Our streams, woods, grasslands, and lakes are at greater risk than at any time in our history, but the stories of three places—a ranch in the Hill Country, a forest in East Texas, and a prairie outside Fort Worth—prove that ordinary people can find inventive ways to protect our state’s most treasured resources. Check out this great article by Andy Sansom published in the January 2010 issue of Texas Monthly.
Lands that I love
by Andy Sansom
Sadly, we are not doing much about either problem. Although research proves the societal importance of protecting the landscape and equally compelling statistics demonstrate the need for children to spend time outdoors, our state government’s lack of vision and leadership is putting iconic places increasingly at risk of being lost forever. This is nothing new, of course. The last time the Legislature provided any significant funding for the purchase of parkland was in 1967, when John Connally was governor. Even more striking, it took four decades to spend it all. Though the Legislature in the past few years has been much more generous to state parks, Texas ranks last among all the states in the money available for places like Enchanted Rock, Garner State Park, and the San Jacinto battlefield, according to George Bristol, the president and executive director of the Texas Coalition for Conservation, an organization that has led efforts to increase state park funding.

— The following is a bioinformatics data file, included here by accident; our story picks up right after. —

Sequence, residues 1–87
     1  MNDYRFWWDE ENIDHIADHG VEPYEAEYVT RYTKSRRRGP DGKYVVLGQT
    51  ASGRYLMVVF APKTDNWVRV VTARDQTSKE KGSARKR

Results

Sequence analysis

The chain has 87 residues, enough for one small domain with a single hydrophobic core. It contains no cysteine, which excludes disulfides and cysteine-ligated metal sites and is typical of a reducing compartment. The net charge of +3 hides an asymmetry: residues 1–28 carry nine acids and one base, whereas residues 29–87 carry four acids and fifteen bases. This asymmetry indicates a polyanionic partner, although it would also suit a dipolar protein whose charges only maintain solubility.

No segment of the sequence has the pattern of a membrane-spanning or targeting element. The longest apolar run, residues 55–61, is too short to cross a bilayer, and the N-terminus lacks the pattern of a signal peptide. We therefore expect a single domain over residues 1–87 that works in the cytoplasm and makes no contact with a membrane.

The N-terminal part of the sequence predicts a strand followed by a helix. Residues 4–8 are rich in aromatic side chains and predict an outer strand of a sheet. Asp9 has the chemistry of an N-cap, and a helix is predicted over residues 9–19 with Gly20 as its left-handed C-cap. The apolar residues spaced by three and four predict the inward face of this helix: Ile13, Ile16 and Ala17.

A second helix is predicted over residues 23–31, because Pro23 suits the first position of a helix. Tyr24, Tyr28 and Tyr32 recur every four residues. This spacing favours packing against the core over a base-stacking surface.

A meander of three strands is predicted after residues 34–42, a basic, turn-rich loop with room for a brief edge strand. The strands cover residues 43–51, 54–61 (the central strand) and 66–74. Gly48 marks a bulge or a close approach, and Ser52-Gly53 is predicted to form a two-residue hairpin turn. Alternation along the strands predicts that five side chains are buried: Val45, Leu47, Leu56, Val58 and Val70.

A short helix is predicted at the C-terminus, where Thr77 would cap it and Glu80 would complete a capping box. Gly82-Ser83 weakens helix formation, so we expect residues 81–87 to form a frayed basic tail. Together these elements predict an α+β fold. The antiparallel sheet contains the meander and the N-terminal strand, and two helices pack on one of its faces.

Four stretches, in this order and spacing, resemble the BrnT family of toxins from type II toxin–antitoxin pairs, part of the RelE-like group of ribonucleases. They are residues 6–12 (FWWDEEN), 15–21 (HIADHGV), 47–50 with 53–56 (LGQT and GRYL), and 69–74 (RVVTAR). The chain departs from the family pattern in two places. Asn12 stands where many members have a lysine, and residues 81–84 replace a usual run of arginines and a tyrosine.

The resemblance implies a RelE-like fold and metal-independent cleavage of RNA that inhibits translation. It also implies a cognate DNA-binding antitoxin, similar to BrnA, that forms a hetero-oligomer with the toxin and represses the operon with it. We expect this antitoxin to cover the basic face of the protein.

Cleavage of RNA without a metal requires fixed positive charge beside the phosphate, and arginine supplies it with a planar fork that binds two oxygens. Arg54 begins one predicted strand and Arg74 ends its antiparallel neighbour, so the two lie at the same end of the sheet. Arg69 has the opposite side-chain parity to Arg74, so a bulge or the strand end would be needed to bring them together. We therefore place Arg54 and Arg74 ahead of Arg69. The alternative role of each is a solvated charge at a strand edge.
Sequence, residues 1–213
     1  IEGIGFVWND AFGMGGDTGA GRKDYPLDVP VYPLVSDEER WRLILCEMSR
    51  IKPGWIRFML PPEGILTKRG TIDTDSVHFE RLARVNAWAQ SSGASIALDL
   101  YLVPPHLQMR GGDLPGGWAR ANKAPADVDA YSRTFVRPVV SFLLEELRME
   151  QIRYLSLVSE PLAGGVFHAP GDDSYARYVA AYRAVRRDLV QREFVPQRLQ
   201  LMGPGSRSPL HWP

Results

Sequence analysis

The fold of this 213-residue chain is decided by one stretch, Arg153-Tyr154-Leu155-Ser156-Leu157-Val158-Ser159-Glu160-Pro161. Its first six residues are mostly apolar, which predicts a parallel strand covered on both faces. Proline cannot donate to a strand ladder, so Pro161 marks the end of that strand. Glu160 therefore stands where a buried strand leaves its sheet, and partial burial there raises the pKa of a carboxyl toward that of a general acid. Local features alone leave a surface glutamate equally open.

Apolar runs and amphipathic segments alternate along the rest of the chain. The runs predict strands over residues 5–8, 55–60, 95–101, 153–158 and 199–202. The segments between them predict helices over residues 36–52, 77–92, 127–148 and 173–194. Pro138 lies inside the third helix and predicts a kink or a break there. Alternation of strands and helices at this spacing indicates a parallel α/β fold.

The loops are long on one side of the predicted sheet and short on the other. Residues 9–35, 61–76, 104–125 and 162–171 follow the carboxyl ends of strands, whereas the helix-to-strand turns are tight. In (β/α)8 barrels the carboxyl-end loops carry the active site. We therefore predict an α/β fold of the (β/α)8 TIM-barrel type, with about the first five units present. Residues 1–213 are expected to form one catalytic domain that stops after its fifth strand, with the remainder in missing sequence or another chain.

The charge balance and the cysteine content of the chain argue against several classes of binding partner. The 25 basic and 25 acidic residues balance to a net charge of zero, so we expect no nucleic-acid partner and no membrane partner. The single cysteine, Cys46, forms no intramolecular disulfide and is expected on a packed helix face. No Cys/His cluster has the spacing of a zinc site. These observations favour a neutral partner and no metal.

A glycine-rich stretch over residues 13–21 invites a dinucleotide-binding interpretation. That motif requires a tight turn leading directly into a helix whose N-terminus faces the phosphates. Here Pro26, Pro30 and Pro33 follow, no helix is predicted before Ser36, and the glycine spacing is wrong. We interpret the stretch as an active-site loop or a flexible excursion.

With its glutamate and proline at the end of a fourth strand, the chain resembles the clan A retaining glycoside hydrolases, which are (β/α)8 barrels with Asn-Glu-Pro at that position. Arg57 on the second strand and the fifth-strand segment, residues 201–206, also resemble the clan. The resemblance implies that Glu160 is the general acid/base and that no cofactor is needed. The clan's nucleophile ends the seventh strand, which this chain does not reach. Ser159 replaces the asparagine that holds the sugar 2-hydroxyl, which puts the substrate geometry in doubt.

Polls consistently show that large majorities of Texans support initiatives that would help the state acquire more parkland. But this rarely translates into action at the Capitol. Legislators have turned a deaf ear on efforts by land commissioner Jerry Patterson and others to allocate funds for purchasing the development rights of private landowners, an agreement in which the owners are paid to conserve the property’s ecological value but are still allowed to live on the property, sell it, or pass it down to heirs. “We need to take advantage of the current economic downturn,” said Jeff Francell, the director of land protection for the Nature Conservancy in Texas, one of the state’s most influential conservation organizations. “During the savings and loan crisis of the late eighties, Texas purchased more land for conservation than in its entire history. Our present situation, as bleak as it seems economically, may be our last chance to save the best of Texas for our children and grandchildren.” Read more from Texas Monthly